Just as in the US a politician at least has to pay lip service to his good christian lifestyle if he expects any support from the public, an Indonesian politician is expected to demonstrate that he and his family are devout Muslims.
In Indonesia this is a somewhat biger problem, though, because when you take religion off the table, there’s almost nothing left to discuss.
The dance of religion and politics: Who leads?
May 31, 2009
One of the healthy things about this year’s Indonesian national elections is the way in which religion is starting to play a more visible and more controversial role in the election of a new government. It’s not healthy because religion is playing a larger role; it’s healthy because it’s playing a more visible role, and that higher visibility is leading to more controversy.
Controversy, even dispute, is healthy; democracy and the democratic process are founded upon disagreement. When disagreements are out in the open, they can be analysed, they can be discussed. Occasionally they can even be resolved. The pervasive influence of sectarian religious predispositions on Indonesia’s political future needs exposure and discussion.
The people of Indonesia are, by and large, religious. The very first precept of Pancasila, the underlying philosophy that defines Indonesia, is a belief in one and only one god. Just and civilized humanity, national unity, representative democracy, and social justice all come afterwards. Nevertheless, Indonesia’s is not technically a religious government; on the contrary; it is explicitly secular. Well, sort of.
The country officially recognizes Islam, Protestant Christianity, Catholicism, Hinduism, Buddhism, and Confucianism. That’s not exactly secular. Nor is it particularly inclusive or broadminded, neglecting, as it does, to include traditional Indonesian animistic beliefs, folk religions from the various regions or, for that matter, any truly native Indonesian belief system at all. That it explicitly excludes Judaism, the most venerable of the big Abrahamic religions, the other two of which are represented (three if we accept the differentiation between Christian and Catholic), any polytheistic religion, and that it simply doesn’t allow for the existence of atheism, also indicates the selective nature of Indonesia’s legislated religious tolerance.
Religion is becoming an item of contention in the current election campaign. It certainly was an issue at the time the candidates and parties were engaged in their complex ritual courtship dances; the degree of religious focus exhibited by the parties was second in significance only to that party’s electability. Although the economy is beginning to assume some significance in the campaigns, the only discernable doctrinal differences among the parties prior to the May elections was the relative fervour of their Islamic orientation.
At the moment, there is an ongoing dialogue regarding the electability of party leaders with respect to whether their wives wear the jilbab. So serious an issue is this that Jusuf Kalla has distributed a book called The Devout Wives of Future Leaders, about Mufidah and Rugaya, his and Wiranto’s wives, emphasising their habitual wearing of the Islamic emblem.
Perhaps Wiranto needs to bolster his Islamic credentials since his bitter dispute with his rival Prabowo, back in Islamisation days of the 1990s, during which Prabowo led the Islamic faction while Wiranto headed the Nationalists, the more secular camp. Perhaps Prabowo’s credentials are sufficient for his running mate, Megawati to wear her jilbabs only on occasion. The calculus and attention to the nuances of jilbab wearing in a nominally secular country are bewildering to those who are not Muslim or come from a country in which there is genuine separation of religion and government.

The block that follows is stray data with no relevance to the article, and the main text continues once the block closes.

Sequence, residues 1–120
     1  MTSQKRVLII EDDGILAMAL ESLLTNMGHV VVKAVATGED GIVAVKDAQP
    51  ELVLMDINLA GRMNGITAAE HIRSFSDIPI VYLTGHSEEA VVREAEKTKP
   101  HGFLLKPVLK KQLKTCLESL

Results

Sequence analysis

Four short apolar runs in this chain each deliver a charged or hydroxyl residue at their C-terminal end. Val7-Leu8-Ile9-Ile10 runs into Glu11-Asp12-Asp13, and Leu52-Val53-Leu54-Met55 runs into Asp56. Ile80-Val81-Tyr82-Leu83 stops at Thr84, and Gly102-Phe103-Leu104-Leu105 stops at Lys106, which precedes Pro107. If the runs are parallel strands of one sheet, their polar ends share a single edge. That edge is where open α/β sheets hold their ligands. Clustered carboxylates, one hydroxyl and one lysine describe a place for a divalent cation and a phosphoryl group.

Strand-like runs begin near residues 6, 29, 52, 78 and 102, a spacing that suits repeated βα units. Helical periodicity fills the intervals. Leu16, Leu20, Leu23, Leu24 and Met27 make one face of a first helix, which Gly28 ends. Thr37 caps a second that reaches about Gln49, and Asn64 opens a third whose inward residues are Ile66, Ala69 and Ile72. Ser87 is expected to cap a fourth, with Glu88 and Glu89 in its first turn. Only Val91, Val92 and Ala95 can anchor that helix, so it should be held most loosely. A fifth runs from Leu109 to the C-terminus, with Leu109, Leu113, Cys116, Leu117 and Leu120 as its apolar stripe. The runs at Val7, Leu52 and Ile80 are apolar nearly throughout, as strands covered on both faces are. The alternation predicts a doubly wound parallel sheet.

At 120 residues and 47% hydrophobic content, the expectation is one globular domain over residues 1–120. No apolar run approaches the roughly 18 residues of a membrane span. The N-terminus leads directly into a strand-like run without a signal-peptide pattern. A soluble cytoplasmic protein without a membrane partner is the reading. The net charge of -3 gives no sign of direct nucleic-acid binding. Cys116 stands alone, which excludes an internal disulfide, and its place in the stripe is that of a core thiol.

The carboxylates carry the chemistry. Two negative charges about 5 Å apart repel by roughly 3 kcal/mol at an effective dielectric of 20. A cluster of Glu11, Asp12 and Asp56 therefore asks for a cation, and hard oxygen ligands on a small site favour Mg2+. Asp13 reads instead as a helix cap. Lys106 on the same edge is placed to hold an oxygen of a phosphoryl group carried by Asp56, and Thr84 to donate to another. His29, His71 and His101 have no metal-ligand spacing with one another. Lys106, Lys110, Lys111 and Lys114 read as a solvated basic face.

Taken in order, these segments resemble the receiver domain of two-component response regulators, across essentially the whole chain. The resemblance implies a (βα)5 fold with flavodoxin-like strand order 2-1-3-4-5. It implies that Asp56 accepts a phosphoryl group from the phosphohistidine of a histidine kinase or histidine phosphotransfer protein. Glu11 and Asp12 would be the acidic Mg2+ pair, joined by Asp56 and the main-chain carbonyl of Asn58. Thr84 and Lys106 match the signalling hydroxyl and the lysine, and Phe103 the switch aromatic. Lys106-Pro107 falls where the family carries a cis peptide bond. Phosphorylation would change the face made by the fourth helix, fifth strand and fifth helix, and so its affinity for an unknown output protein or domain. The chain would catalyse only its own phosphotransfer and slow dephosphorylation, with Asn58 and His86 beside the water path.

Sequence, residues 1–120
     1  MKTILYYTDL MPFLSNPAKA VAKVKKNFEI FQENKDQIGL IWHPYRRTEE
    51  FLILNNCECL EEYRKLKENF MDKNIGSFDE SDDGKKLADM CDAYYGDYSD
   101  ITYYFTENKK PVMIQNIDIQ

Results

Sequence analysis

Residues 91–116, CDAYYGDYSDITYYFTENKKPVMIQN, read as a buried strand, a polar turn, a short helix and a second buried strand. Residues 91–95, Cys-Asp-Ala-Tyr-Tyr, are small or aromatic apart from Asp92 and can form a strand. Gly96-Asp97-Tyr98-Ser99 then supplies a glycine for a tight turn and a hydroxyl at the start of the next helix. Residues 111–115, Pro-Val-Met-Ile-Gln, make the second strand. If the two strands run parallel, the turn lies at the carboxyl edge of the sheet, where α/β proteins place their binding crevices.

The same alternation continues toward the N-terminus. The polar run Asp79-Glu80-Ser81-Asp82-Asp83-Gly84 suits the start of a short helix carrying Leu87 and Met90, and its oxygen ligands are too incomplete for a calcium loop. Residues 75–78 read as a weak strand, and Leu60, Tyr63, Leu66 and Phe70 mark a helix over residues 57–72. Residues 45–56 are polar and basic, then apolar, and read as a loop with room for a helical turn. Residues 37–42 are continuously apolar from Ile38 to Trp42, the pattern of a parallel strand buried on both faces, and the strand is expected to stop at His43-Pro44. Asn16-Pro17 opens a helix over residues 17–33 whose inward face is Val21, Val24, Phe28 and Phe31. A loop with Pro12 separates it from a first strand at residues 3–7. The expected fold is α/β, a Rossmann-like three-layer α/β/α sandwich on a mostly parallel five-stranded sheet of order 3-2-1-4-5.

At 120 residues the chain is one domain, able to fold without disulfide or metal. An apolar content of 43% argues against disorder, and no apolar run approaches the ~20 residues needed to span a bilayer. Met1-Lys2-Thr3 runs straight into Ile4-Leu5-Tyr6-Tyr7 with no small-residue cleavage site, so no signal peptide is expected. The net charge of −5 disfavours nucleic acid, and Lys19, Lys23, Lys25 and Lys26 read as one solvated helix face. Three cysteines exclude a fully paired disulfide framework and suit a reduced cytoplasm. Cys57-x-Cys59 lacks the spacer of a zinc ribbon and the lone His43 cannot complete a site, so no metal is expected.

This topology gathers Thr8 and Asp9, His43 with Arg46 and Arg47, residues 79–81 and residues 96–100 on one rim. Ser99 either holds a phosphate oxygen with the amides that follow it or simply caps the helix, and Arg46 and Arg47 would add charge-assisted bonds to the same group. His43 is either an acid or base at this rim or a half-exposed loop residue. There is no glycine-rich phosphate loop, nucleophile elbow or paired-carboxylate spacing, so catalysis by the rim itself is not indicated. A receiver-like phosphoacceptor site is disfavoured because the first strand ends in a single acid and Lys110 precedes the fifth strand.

What’s healthy is that discussion of these matters is actually occurring in the public sphere. On the one hand we hear ulemas stating that the use of Facebook is haram and that text messages between unmarried members of the opposite sex ought to be banned unless the communication is explicitly for the purpose of spreading Islamic teachings. At the same time we see that Islamisist parties took a trashing in the legislative polls, and had to form a coalition with the Partai Demokrat to retain any direct influence in national policy
While our aspiring leaders all jockey to be holier than thou, noted Muslim cleric Ahmad Mustofa “Gus Mus” Bisri is calling on them to leave god out of the equation, saying, “Use political science in politics. Don’t bring God into politics!” His point, it seems, is that the two spheres, the sacred and the secular, need to be kept separate since no earthly authority can legitimately claim to have an infallible insight into the subtle differences in interpretation of religious dogma.
As George Bernard Shaw once said, and this applies equally to the Koran, the Torah, or any other book of religious teachings, “No man ever believes that the Bible means what it says; he is always convinced that it says what he means.”
With this slightly contentious discussion of the relative relevance of religion to the democratic process, we might see some genuine tolerance and open-mindedness develop. Up until now, the absence of conversation on the subject had a stultifying effect. It has always been assumed that overt expressions of devotion have been a prerequisite for any political leader, and apparently one’s spouse, as well.
It’s just been a given that if someone avoided the issue of religion and focussed instead on issues like economics, social welfare, national and foreign policy, environment, legal reform, military reform, corruption eradication, infrastructure rehabilitation, poverty eradication, education reform, health and welfare improvement, or human rights, they’d be ignoring the important issues and have no business running this country.